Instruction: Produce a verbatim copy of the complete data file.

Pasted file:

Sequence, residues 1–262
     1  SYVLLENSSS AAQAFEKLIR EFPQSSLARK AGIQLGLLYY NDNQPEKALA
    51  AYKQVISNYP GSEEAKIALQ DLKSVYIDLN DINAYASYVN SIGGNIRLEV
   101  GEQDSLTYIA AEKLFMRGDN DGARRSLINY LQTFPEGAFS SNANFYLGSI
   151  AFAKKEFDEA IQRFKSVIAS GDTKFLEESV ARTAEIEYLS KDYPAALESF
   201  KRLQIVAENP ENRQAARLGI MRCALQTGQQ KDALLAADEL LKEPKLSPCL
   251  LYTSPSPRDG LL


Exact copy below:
Sequence, residues 1–262
     1  SYVLLENSSS AAQAFEKLIR EFPQSSLARK AGIQLGLLYY NDNQPEKALA
    51  AYKQVISNYP GSEEAKIALQ DLKSVYIDLN DINAYASYVN SIGGNIRLEV
   101  GEQDSLTYIA AEKLFMRGDN DGARRSLINY LQTFPEGAFS SNANFYLGSI
   151  AFAKKEFDEA IQRFKSVIAS GDTKFLEESV ARTAEIEYLS KDYPAALESF
   201  KRLQIVAENP ENRQAARLGI MRCALQTGQQ KDALLAADEL LKEPKLSPCL
   251  LYTSPSPRDG LL